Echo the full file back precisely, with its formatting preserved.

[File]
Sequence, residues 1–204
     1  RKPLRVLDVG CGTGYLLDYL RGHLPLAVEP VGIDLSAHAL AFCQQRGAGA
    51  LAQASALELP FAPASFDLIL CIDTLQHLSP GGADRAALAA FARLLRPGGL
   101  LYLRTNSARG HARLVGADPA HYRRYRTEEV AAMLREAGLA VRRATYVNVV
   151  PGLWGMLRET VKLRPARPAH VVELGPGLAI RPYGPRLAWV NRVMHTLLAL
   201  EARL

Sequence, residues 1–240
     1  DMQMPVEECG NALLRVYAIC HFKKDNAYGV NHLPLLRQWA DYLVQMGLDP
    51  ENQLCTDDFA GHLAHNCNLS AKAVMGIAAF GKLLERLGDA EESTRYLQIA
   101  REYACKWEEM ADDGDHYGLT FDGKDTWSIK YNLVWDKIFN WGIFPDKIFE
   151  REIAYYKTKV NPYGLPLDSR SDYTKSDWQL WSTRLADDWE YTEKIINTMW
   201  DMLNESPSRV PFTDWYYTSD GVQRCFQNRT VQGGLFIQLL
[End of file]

Sequence, residues 1–204
     1  RKPLRVLDVG CGTGYLLDYL RGHLPLAVEP VGIDLSAHAL AFCQQRGAGA
    51  LAQASALELP FAPASFDLIL CIDTLQHLSP GGADRAALAA FARLLRPGGL
   101  LYLRTNSARG HARLVGADPA HYRRYRTEEV AAMLREAGLA VRRATYVNVV
   151  PGLWGMLRET VKLRPARPAH VVELGPGLAI RPYGPRLAWV NRVMHTLLAL
   201  EARL

Sequence, residues 1–240
     1  DMQMPVEECG NALLRVYAIC HFKKDNAYGV NHLPLLRQWA DYLVQMGLDP
    51  ENQLCTDDFA GHLAHNCNLS AKAVMGIAAF GKLLERLGDA EESTRYLQIA
   101  REYACKWEEM ADDGDHYGLT FDGKDTWSIK YNLVWDKIFN WGIFPDKIFE
   151  REIAYYKTKV NPYGLPLDSR SDYTKSDWQL WSTRLADDWE YTEKIINTMW
   201  DMLNESPSRV PFTDWYYTSD GVQRCFQNRT VQGGLFIQLL